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In the siddur Ha'Grah/Avnei Elyowhu The vilna Gaon explains that to contradict those that claim that Hashem does not personally involve himself in every minute insignificant (in our eyes) detail going on in the world, the beracha purposefully stresses that Hashem, all the way from his throne, involves himself in even such a low animalistic phenomenon in human nature.

Abudraham says (according to my understanding) that being that our 'lives' are at stake in those moments, as we declare in the beracha, therefore we say "your throne of glory", which is where all the souls are found and taken care of and granted 'life'.

I would like to offer another explanation.

In Tamid the mishna says that in the tunnel underneath the azarah there was a bais ha'kissei shel kovod meaning there was a restroom which provided not only relief to the kohanim but provided respect to them as well.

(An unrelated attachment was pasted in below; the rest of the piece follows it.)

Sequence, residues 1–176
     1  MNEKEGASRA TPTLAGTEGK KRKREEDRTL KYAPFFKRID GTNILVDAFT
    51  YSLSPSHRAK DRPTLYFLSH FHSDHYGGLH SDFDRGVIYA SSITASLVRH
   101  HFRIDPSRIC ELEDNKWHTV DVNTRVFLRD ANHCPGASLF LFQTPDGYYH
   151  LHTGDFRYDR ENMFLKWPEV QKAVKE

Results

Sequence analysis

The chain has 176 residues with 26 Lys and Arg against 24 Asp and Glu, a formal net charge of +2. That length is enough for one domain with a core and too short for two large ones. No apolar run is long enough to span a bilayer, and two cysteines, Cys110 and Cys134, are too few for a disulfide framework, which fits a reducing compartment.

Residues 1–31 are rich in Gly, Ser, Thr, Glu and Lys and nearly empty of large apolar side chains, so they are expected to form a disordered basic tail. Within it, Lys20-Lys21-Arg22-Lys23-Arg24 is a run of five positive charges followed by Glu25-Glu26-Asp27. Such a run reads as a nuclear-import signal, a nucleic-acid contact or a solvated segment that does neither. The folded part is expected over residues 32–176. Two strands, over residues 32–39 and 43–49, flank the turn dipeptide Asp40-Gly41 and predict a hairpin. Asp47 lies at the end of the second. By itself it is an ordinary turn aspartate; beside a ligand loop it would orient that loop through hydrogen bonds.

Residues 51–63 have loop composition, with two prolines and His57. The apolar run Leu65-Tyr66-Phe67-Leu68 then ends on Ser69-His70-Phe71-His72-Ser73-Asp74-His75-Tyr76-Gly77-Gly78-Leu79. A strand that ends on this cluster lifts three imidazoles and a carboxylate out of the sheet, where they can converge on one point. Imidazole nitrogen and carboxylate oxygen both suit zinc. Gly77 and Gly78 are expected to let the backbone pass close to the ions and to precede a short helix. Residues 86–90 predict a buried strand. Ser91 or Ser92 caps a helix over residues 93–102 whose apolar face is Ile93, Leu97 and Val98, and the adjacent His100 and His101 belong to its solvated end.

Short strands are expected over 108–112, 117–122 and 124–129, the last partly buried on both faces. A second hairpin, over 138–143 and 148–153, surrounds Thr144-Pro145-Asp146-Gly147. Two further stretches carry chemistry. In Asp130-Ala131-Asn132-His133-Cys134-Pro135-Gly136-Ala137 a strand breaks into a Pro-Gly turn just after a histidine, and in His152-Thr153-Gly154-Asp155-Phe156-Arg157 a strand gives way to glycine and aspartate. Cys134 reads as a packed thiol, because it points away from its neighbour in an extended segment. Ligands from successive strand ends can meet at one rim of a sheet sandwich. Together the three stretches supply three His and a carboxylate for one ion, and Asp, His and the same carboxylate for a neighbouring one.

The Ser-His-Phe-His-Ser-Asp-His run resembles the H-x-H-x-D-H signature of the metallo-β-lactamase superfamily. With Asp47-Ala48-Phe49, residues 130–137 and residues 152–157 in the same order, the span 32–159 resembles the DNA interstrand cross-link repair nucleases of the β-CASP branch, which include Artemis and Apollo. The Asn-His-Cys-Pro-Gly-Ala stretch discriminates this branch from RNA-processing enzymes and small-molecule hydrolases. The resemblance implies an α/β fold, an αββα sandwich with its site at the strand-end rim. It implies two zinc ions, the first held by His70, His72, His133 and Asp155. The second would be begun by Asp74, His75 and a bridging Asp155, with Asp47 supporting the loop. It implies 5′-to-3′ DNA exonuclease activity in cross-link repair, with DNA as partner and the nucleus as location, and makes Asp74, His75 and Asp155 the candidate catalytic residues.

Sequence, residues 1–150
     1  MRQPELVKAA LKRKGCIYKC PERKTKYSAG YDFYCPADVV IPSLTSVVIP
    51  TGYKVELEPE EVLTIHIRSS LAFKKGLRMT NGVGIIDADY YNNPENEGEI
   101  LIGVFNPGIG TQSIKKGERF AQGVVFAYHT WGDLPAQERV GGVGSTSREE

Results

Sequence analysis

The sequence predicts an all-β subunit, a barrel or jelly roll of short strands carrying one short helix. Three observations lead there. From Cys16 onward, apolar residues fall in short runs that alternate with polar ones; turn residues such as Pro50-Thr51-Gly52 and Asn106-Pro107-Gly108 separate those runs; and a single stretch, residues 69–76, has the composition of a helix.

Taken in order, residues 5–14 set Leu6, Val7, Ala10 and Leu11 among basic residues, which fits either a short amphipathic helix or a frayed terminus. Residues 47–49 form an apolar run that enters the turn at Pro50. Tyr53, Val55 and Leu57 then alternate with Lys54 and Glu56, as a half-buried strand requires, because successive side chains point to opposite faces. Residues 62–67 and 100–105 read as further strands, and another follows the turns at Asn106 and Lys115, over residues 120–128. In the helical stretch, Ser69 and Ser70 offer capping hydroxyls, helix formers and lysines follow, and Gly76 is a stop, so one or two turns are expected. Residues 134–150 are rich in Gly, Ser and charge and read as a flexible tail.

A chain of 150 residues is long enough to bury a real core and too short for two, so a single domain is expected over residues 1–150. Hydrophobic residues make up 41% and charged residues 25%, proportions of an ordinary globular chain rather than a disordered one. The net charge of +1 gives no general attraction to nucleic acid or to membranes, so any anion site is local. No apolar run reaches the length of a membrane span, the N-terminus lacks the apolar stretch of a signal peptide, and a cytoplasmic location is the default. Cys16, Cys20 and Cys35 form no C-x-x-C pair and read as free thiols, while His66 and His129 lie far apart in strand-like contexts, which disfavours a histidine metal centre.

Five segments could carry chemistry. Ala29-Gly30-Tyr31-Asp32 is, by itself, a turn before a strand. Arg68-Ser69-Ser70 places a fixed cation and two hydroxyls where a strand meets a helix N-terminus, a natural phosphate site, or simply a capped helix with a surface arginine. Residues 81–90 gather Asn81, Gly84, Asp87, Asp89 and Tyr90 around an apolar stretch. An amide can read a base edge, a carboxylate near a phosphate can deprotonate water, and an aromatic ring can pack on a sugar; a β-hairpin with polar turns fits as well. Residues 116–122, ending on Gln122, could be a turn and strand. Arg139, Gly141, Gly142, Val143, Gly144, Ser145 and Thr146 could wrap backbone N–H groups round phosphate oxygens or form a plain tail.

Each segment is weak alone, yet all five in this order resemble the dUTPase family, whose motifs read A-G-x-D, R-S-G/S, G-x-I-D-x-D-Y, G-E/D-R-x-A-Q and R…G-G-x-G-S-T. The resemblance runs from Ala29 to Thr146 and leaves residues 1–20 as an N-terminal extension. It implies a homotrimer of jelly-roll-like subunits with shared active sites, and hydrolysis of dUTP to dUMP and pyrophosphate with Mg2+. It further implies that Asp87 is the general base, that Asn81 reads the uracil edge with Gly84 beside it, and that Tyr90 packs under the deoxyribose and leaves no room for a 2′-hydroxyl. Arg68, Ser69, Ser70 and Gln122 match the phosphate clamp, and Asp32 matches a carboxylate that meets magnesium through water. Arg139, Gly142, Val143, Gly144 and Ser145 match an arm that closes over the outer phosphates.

The respect was brought out by never having more than one person in there.There was a siman that there was someone there already which told them to wait until he comes out before entering.

Now in this beracha we declare that we may have a kissei shel kovod but Hashem is nevertheless with us and does see all that we do even in there.Therefore the only one which truly has a kissei ha'kovod which no one else can have a glimpse inside it is only Hashem.

This is what we say 'it is known before your throne of glory', for you Hashem see in to all other thrones, limiting the true throne of glory to yourself only.

  • That explains why it says lifnei kisse khvodekha, as opposed to lfanekha, but it doesn't w explain why we would bother emphasising that it is something God knows in the first place. – mevaqesh Nov 27 '17 at 5:15